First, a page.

Contact us

Phone: 13 64 64 or (08)9224 6500
Site search

Occupations

Occupations

Occupation search

Occupation Search

Ticket collector or usher

Back to top

Summary of occupation

Ushers collect tickets or admission passes and assist patrons to their seats at a show or sporting event. Ushers may also sell admission tickets, promotional material and snacks and drinks to the public prior to the show or event. If working in a cinema, ushers are also expected to check on sound and picture quality during the film and, if necessary, let the projectionist know if there are any problems. These workers will also prepare the venue before an event, clean up after patrons and may also lock up premises afterwards.

ANZSCO description: Collects tickets or admission passes and ushers  patrons to their seats at an entertainment, sporting or recreational  venue, prepares the venue before an event and locks up premises  afterwards.
Alternative names: Ticket Collector, Usher, Venue Attendant, Venue Attendant
Specialisations: Entertainment Usher, Gatekeeper, Turnstile Attendant
Job prospects: Limited
Back to top

Knowledge, skills and attributes

An usher needs:

  • good communication skills
  • punctuality and reliability
  • the ability to work under pressure
  • good problem solving skills
  • a friendly and helpful disposition
Back to top

Working conditions

Working conditions depend on the type of venue you are working in. If there is a sold-out show or sporting event, ushers can be put under pressure to work fast and efficiently to ensure all patrons are cared for. Sometimes these workers may find they need to deal with angry or upset patrons, if there has been a booking error for example. At licensed venues ushers may also have to deal with intoxicated patrons. Most ushers are expected to wear a uniform.
Most ushers work in casual and part-time positions, and may be expected to work evenings and on weekends.

Back to top

Salary details

On average, ticket collectors or ushers can expect to earn at least $702 per week ($36 494 per year), depending on the organisation they work for, and their level of experience. As a ticket collector or usher develops their skills and takes on additional duties, their earning potential will generally increase.

Back to top

Tools and technologies

Ushers use cash registers and EFTPOS machines when handling transactions with patrons. These workers may also use a torch when checking the cinema during the film and to ensure patrons are comfortably seated. They may also use a 2-way radio to communicate with supervisors and other staff members. They will also use ticketing machines, and possibly seating allocation software. Ushers at some venues may also use barcode readers to check ticket authenticity.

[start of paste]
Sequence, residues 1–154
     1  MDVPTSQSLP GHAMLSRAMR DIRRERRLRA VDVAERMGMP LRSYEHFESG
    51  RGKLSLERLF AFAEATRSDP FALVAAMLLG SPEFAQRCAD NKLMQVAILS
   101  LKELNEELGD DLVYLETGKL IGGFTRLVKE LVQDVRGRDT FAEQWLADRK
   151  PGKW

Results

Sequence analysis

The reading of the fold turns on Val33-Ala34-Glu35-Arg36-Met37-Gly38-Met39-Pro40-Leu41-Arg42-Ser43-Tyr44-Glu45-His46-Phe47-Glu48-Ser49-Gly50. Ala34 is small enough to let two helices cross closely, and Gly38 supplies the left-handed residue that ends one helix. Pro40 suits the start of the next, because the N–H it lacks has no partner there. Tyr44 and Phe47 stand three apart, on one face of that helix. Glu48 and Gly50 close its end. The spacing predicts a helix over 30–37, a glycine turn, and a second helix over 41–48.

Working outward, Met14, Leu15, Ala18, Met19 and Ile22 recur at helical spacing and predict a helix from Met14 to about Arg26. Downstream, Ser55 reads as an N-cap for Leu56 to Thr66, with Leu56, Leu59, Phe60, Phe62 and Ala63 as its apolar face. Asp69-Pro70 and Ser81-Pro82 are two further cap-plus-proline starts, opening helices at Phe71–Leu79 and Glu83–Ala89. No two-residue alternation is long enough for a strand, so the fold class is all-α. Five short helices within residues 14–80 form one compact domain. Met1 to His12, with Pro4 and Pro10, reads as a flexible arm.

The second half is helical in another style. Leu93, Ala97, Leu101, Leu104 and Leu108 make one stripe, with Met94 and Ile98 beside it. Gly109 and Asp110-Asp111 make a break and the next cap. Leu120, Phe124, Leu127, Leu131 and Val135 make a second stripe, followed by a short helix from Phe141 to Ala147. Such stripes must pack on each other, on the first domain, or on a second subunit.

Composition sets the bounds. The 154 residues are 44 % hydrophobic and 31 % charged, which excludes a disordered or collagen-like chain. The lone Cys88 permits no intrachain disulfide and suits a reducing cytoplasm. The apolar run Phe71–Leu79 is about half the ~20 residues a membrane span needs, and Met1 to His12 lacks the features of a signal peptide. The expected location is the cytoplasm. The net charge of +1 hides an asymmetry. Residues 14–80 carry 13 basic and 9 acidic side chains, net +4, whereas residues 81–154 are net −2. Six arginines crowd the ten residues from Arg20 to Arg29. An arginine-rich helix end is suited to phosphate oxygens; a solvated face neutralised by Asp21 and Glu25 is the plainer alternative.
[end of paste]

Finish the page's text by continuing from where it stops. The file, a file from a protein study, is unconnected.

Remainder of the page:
Back to top

Education and training/entrance requirements

You can work as a ticket collector or usher without any formal qualifications and get training on the job.

You can complete a traineeship. The front of house assistant (small venue) traineeship usually takes 12 months to complete and is available as a school-based traineeship. 

Related courses

Back to top

Apprenticeships and traineeships

As an apprentice or trainee, you enter into a formal training contract with an employer. You spend most of your time working and learning practical skills on the job and you spend some time undertaking structured training with a registered training provider of your choice. They will assess your skills and when you are competent in all areas, you will be awarded a nationally recognised qualification.

If you are still at school you can access an apprenticeship through your school. You generally start your school based apprenticeship by attending school three days a week, spending one day at a registered training organisation and one day at work. Talk to your school's VET Co-ordinator to start your training now through VET in Schools. If you get a full-time apprenticeship you can apply to leave school before reaching the school leaving age.

If you are no longer at school you can apply for an apprenticeship or traineeship and get paid while you learn and work.

Related apprenticeships

Back to top

Recognition of prior learning

If you think you already have some of the skills or competencies, obtained either through non-formal or informal learning, you may be able to gain credit through recognition of prior learning.

Back to top

Download

Related links

Related occupations

Need advice?

Profile and social options